Woman of the Century/Luetta Elmina Braumuller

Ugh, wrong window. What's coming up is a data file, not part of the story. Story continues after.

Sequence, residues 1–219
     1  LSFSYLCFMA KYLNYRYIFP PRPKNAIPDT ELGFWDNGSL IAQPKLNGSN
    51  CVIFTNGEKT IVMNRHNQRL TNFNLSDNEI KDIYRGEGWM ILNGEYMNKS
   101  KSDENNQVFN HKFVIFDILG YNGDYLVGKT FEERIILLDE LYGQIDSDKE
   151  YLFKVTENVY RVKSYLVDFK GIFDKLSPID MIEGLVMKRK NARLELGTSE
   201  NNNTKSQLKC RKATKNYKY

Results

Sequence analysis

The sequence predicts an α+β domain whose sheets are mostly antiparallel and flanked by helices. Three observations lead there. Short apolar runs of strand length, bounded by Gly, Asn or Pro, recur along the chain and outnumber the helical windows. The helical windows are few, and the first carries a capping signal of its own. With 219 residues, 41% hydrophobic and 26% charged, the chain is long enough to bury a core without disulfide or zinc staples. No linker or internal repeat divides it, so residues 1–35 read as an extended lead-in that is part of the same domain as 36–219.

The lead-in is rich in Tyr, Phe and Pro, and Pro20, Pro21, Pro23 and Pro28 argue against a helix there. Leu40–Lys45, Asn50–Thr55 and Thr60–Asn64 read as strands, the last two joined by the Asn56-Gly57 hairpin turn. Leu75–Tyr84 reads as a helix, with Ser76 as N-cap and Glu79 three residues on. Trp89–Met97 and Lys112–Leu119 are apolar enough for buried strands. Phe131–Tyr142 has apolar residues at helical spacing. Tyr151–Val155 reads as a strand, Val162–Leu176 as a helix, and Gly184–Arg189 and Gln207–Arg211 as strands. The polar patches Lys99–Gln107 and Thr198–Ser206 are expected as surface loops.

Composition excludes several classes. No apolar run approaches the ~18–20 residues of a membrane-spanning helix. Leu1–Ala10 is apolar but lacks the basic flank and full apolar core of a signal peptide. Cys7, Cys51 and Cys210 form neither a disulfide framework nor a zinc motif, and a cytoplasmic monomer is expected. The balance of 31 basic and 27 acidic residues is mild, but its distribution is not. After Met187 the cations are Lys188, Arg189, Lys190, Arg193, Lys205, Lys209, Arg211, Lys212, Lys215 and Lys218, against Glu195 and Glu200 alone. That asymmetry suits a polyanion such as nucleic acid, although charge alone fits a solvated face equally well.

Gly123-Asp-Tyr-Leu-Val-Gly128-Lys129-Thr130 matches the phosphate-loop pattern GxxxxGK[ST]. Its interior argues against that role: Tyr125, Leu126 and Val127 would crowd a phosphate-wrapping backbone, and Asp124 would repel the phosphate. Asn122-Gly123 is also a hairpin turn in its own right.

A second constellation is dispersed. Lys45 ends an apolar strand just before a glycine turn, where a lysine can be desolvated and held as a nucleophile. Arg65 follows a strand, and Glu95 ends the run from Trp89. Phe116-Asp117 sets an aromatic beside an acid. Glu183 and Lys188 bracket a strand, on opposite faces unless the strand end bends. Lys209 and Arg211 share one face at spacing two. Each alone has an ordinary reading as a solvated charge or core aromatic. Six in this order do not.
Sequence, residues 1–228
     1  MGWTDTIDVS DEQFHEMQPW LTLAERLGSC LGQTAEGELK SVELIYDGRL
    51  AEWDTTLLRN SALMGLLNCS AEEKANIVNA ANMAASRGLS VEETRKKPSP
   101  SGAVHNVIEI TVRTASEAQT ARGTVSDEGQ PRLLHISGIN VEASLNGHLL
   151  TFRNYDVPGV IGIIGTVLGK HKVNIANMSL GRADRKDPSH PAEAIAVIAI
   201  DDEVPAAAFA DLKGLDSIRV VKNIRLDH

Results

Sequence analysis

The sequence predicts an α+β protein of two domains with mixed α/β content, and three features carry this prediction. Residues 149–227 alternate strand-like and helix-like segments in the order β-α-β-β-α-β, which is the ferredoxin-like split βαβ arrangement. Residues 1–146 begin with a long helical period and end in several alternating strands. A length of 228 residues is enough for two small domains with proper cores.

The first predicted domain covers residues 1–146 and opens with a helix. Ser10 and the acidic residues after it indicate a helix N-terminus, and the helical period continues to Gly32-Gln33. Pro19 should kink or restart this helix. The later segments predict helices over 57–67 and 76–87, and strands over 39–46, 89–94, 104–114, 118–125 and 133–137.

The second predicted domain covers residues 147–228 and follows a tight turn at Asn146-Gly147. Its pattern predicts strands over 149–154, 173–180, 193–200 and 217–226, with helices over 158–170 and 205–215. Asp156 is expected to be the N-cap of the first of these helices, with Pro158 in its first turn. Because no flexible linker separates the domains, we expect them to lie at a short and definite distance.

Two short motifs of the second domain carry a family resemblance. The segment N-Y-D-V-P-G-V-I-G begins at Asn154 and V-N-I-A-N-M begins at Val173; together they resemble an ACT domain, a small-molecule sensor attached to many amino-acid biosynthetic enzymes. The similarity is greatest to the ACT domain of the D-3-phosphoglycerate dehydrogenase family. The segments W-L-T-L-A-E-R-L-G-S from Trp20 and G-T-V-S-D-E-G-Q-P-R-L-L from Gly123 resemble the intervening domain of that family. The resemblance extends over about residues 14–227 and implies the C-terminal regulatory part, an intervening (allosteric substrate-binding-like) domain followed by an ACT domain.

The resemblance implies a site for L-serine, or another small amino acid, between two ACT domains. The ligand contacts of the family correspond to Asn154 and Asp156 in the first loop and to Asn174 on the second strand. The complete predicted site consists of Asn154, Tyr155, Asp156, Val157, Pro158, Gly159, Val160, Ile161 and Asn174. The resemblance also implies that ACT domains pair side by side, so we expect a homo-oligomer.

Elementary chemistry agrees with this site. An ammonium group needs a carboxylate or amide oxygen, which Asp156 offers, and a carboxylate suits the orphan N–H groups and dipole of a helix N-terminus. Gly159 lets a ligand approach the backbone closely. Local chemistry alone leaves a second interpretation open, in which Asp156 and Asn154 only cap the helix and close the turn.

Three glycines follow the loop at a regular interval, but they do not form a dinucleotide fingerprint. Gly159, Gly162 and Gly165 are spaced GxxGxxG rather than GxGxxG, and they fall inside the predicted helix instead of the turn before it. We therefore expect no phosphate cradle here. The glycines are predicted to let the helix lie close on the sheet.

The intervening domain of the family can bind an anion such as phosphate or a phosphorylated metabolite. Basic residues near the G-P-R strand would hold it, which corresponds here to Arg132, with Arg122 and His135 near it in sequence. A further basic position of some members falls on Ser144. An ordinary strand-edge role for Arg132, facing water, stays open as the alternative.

BRAUMULLER, Mrs. Luetta Elmitta, artist, born in Monson, Mass., 4th December. 1856. Her family name, Bumstead, is still a familiar one in Boston, where it was among the foremost before and after the Revolutionary War. Bumstead Hall, which was built next after Faneuil Hall, and Bumstead Place are still old landmarks in that city. Her line of ancestry on the mother's side is Puritan, the family, Wood, having come to America in 1638 and with others founded the town of Rowley, near Boston. Mrs. Braumuller's earliest recollections are closely allied to the pencil and brush, and at the age of eight years she received her first instruction in art. Since that time until the present, with the exception of a few short intervals, she has applied herself to the study of drawing and painting in all its branches. In 1880 she made her first trip to Europe, and remained nearly one year in the best studios of Berlin. In 1882 she made a second visit to Paris and Sevres, in which cities she studied porcelain painting exclusively under celebrated ceramic artists, and later in the same year she continued with a noted practical china and glass painter in Berlin. In 1889 she went to Dresden, where she acquired a knowledge of the methods of the Dresden artists. In 1890 she was again in Paris, where LUETTA ELMINA BRAUMILLER. she pursued the study of flesh-painting after the method of Hortense Richard. Mrs. Braumuller is distinctly a figure painter, although she has a complete knowledge of every branch of work connected with porcelain painting and firing. As a student and teacher it has been her greatest ambition to advance the art in America. She published a small work entitled "Lessons in China Fainting," in 1882, but, believing that a periodical would have a wider circulation and give better results, she established in New York City, in 1887, a monthly magazine devoted exclusively to the interests of amateur decorators, and known as the "China Decorator." It was a success from the first issue and now enjoys a wide circulation both in this country and in Europe, Mrs. Braumuller has the reputation of being one of the best informed women in this country on the subject of modern porcelain and pottery. She is the wife of a well-known piano manufacturer of New York City and is the mother of two children, a son and daughter.